Votive terracotta figures are made in Madhya Pradesh and Chhattisgarh. In Bastar, on amavasya (the no moon night) of Bhadrapad (August to September), tribals offer terracotta bulls, tigers, elephants and horses, sometimes with one or two riders, to the goddess whom they worship for wealth, health and protection from evil spirits. These clay animal gifts or votive offerings have replaced the practice of animal sacrifices of earlier times.

7.tif

In Tamil Nadu the dramatic larger-than-life size image of Aiyanar, the local deity, is surrounded by a sea of attendants, horses and bulls. They serve as gram devatas who stand at the entrance of the village and protect it.

DSC00743.tif

During Durga Puja in West Bengal enormous figures of the goddess are created. The artists use different techniques and mixtures of natural materials to make these excellent stately statues. They follow the traditional practice to create the inner core with local grasses bound together to form the legs, arms and head. The grasses are often swathed with thin cotton cloth. Then layer upon layer of clay is carefully applied to the body of the goddess to gradually build it up.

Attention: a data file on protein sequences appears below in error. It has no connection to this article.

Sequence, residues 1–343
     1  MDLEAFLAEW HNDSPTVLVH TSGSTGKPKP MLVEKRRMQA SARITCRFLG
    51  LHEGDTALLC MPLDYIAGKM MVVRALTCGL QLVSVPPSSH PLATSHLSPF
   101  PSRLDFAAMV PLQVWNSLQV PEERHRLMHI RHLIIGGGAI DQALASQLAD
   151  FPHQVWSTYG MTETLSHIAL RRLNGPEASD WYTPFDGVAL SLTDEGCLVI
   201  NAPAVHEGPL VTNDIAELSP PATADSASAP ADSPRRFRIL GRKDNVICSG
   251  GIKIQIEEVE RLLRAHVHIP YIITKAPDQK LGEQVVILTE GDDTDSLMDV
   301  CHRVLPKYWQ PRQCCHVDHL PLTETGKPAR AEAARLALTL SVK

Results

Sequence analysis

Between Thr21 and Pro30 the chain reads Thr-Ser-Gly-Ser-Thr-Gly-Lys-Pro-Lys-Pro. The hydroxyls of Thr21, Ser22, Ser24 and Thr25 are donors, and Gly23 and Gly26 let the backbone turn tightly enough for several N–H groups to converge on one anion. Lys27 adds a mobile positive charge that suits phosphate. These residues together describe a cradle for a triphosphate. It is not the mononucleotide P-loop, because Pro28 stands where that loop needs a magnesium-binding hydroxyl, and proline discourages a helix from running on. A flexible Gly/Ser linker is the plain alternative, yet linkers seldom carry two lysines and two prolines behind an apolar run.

clay%20map%20page%20durga.tif

Over a period of several days, each layer is allowed to dry completely so that no cracks appear and there is no warping. Once dry, the entire figure of the goddess is painted with natural mineral colours. After this the figure is dressed in a sari and adorned with jewellery made of paper or artificial jewels, and garlands of flowers, before it is ready for worship.

32792.tif

Ornately decorated clay horses, huge armies of terracotta figures and assemblies of village deities with their attendants can be seen under the trees in village grounds in Bankura District, West Bengal.

Mati kahe kumhar se tu kya raundhe mohe,

Ek din aisa ayega main raundhoongi tohe.

Kabir

 

EXERCISE